You are currently viewing April 24-30 is National Medical Laboratory Week: The Medical Laboratory and the Science of Exceptional Care
April 24-30 is National Medical Laboratory Week. Pictured, front to back, by the Chemistry Analyzer are the following members of the hospital’s laboratory department: Caty Bruening, Supervisor; Mary Jo Meyer, Erica Mannette, Jenna Collins and Marie Loven. This analyzer runs over 40 different chemistry tests, from A1c to Vitamin D. The role of the Lab Tech is to perform periodic maintenance the instrument, add the proper reagents for each test, calibrate each test and load samples onto the analyzer. When results are printed, the lab tech reviews them and compares them with the patient’s clinical picture to ensure accuracy.

April 24-30 is National Medical Laboratory Week: The Medical Laboratory and the Science of Exceptional Care

By Caty Bruening, MT, Laboratory Supervisor

In most people’s opinion, having blood drawn is not the highlight of a doctor’s appointment, ER visit, or hospitalization; yet lab results from these blood samples play a considerable part in the diagnosis and care plan of a patient’s health.  It is said that 70% of a patient’s medical record is composed of lab results. The Lab Techs at Veterans Memorial Hospital (VMH) consider themselves fortunate to collect blood, so that they can have that connection with patients that larger hospital laboratorians don’t experience. The lab staff at VMH ensure each blood draw is performed with care, comfort and quality in mind.  However, the blood draw is only a small part in the series of the care given by a lab tech.

Before the blood is collected, lab techs must ensure the accurate performance of the testing equipment. CLIA, the VMH Lab’s regulating agency, performs bi-annual inspections of the lab, ensuring the performance of Quality Control, the competency of lab personnel and the successful participation in proficiency surveys, among many other rules and regulations. Each day, Quality Control is performed by analyzing materials that simulate patient samples. These “mock” samples contain known levels of each analyte (ex. Potassium, White Blood Cell count) and are run on each analyzer as a sort of “test” to ensure the analyzer is working properly and produces the “right answer.” When this testing is complete, only then is it acceptable to run patients on these analyzers or manual test methods.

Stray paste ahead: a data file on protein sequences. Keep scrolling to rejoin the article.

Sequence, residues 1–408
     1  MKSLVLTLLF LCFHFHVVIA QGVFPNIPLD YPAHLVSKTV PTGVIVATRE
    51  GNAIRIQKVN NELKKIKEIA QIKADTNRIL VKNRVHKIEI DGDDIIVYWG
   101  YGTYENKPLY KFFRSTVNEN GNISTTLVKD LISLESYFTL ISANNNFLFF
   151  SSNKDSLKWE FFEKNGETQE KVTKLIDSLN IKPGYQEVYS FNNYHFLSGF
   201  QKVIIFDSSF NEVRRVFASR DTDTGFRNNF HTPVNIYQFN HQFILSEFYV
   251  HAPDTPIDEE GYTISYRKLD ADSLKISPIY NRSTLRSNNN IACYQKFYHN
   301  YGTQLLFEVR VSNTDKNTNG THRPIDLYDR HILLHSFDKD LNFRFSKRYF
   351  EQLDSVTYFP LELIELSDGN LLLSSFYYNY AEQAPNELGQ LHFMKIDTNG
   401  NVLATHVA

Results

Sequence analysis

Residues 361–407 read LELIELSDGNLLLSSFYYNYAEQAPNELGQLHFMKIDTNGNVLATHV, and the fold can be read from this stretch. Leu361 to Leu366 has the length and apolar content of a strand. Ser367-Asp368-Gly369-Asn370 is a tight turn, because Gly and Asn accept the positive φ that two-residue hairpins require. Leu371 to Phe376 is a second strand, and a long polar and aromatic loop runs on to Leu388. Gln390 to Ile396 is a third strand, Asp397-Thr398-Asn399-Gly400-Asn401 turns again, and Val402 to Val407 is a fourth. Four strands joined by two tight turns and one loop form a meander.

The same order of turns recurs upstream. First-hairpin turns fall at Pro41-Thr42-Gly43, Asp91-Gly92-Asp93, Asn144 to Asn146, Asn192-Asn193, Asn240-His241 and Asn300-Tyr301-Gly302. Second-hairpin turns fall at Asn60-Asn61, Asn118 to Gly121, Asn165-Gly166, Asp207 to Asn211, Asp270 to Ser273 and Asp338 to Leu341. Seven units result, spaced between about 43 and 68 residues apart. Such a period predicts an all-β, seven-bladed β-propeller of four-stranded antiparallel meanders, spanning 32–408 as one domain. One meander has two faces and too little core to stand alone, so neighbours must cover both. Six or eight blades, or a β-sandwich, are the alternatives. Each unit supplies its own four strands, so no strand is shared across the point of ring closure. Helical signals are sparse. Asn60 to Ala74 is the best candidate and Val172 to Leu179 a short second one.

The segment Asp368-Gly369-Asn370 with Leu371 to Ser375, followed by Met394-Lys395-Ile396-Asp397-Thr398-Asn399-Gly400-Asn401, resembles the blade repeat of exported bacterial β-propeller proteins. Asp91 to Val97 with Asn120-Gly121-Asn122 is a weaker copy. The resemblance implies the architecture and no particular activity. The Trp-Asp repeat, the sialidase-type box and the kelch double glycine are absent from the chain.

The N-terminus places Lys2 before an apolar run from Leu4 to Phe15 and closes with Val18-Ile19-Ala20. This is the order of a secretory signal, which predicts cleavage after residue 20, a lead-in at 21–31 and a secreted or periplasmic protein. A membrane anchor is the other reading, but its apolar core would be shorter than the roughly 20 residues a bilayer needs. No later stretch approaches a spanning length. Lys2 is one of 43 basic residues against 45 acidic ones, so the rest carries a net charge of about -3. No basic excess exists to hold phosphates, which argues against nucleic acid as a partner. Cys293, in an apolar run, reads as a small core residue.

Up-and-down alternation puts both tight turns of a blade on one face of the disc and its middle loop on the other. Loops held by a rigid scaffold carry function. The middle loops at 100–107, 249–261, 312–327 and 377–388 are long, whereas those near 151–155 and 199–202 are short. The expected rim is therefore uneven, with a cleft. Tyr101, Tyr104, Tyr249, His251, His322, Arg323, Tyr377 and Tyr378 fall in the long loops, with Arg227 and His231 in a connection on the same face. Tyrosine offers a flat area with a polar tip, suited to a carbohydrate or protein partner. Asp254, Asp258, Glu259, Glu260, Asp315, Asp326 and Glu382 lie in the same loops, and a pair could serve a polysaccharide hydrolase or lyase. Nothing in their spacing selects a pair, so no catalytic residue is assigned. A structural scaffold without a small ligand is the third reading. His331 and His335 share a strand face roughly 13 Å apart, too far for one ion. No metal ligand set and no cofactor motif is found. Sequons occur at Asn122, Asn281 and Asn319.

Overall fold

Once the sample is received in the lab, the care continues. Approximately 90 different lab tests are performed at VMH.  Each test has its own requirements, and each test requires specific training. Being a lab tech requires one to be very analytical, maintain attention to detail, and possess critical thinking skills. Equally as important is the calling to care. The lab techs at VMH collect, test and care for each sample “as if it were a family member’s.” They take pride in being the part of the medical team that detects disease states such as infection, leukemia, or kidney failure in the earliest stages, even before symptoms arise. Although lab techs are not by the patient’s bedside to deliver results, they still feel the ups and downs of health challenges such as fertility testing, the journey to cancer remission, and medication management.

In the last year, the VMH lab has performed about 44,400 lab tests.  Each of these tests has had an impact on a patient’s medical care, and each test was performed here in Waukon, proudly and with exceptional care by your medical team “behind the scenes” in the VMH lab.

Transfusion Medicine or Blood Banking is a very important role of the Laboratory staff. A blood transfusion is life-saving procedure and there are many specific tests that must be done before the proper blood product is given. Pictured, left to right, by the blood bank machine at Veterans Memorial Hospital is Donna Wood, Robin Gray, Kelsey Weymiller and Michelle Bend.